However, far from this mere mercantile aspect, Milan is also the place where we've experienced one of our most intriguing & powerful artistic experiences courtesy of Fondazione Prada. It's been a while since we wanted to visit this unique place perhaps because the word PRADA has a huge impact upon us. To be honest, we have an immense admiration for Miuccia Prada, her unique & visionary voice in the Fashion Sphere (this is quite visible if you're often browsing through this blog...) This appeal needed to be satisfied thanks to a visit to this mythical place. And who knows, perhaps we would be lucky enough to come upon Miuccia's toboggan? (Miuccia Prada has a toboggan in her office, leading outside... this is also quite mythical! To have a look at it, you should read System's latest issue.) Unfortunately, and in order to avoid a way too heavy & useless suspense, we did not see it but what we saw there was even more unusual. The building itself (or should we say the buildings) is disconcerting. The first thing we saw is a faded building with FONDAZIONE PRADA written on the front (originally, this was a distillery complex dating back to the 1910s). And then the golden building, shining in the sun, bedazzling us in every possible way. Inside it, here is the Haunted House with works from Robert Gober & Louise Bourgeois; the beginning of a very special & intimate experience with the building itself. The climax being the heart of the house beating in a manhole. The rest of the visit went crescendo. Everything there is meant to puzzle you. Doors that are not doors. Hidden entrances. Corridors. Circular rooms like labyrinths. You feel immersed. Submerged. And this is only the beginning. Mirrors everywhere (quite useful to take cool #ootd). A perfect blend of future and things from the Past; a recurring theme in Miuccia Prada's work. RETROFUTURE. And the power of the exhibitions featured at the moment. It is common practice to say that Art is the reflection of society at a given moment; this is particularly true when it comes to what we saw during our visit. Even though all these works of art are not actual ones (i.e made in the last few years), they are all resonating in a very odd way to what's going on in "Trump's America". This is at the same time fascinating & quite frightening too. First, with William N. Copley's work celebrated in the largest retrospective ever: more than 150 works around the theme of pornography, abstraction & surrealism, political & geographical issues. Quite striking to see the US flag he re-imagined with a large THINK upon it. Another room is featuring Betye Saar's works in a retrospective entitled Uneasy Dancer. This American artist also questions the themes of Race & Gender with the help of powerful objects she created or twisted. The result is a critique of all the stereotypes Americans might/may have regarding Black people; a critique filled with a strong sense of spirituality & intimacy aiming at showing that Black people deserves respect & consideration, far from the usual & despicable clichés & caricatures. And then the shock. Yann & I were literally knocked out by the work of Edward Kienholz & wife Nancy Reddin Kienholz gathered in a retrospective entitled Five Car Stud. This one can be seen as a violent pamphlet against America, against the way men are treating women (as sexual objects only meant for pleasure, "Hello Mr Trump"...), against justice or should we rather say the masquerade of Justice, against religion and its lack of spirituality. We were completely stunned by what we saw. Stunned and quite ill-at-ease to be honest. Yet, this malaise was necessary and vital because after all, we want Art to punch us in the face, we definitely need the power of Art to remind us the world we're living in. The grand finale of this retrospective was the work of art that gave its name to the exhibition: Five Car Stud or the reconstruction in a big dark place of a racial crime. Hard to bear but once again necessary and terribly actual (though this was created between 1969 and 1972). Even in our most confident dreams we could not imagine that this visit at the Fondazione Prada would be so intense & meaningful, so intense that in the end we did not even think about taking pictures.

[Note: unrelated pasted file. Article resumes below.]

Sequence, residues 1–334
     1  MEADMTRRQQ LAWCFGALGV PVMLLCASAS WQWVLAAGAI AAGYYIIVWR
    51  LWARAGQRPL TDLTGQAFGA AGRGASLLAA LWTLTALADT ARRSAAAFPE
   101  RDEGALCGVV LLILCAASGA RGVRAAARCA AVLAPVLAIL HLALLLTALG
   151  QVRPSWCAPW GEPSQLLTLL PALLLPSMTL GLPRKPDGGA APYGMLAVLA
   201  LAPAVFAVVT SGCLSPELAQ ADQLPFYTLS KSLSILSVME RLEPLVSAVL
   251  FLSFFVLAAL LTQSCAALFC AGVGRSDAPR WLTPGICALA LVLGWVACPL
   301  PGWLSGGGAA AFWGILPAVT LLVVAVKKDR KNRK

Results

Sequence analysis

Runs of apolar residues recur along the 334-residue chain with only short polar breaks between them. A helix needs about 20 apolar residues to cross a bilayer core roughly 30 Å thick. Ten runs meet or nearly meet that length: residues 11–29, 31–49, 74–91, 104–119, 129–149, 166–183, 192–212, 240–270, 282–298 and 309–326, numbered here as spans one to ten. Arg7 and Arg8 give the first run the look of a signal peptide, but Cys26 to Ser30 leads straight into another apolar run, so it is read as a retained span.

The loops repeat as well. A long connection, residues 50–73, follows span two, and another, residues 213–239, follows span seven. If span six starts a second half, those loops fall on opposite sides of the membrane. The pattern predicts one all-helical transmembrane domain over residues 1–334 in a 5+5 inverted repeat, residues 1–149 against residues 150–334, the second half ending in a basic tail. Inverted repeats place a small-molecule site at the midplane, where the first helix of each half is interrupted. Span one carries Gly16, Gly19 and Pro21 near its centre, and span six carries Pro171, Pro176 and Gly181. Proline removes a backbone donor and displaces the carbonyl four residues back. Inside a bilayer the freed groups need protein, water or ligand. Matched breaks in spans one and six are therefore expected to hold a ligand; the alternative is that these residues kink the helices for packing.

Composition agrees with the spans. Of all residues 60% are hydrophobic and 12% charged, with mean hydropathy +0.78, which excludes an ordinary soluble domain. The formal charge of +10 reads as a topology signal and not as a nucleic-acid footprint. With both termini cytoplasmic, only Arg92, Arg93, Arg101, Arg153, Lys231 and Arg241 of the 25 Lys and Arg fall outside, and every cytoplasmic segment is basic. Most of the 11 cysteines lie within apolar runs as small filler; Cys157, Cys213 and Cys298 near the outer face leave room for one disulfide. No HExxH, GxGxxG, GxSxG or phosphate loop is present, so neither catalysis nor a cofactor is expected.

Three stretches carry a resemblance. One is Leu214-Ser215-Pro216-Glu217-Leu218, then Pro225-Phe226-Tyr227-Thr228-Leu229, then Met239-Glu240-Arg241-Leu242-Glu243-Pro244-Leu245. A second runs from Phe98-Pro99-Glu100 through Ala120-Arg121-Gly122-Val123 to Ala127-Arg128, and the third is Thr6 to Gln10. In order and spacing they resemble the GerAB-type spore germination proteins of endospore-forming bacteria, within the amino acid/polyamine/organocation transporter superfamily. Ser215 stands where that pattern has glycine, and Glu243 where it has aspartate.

Louise Bourgeois (both pictures above)

 Robert Gober (both pictures above)




Words by Charles Margueritte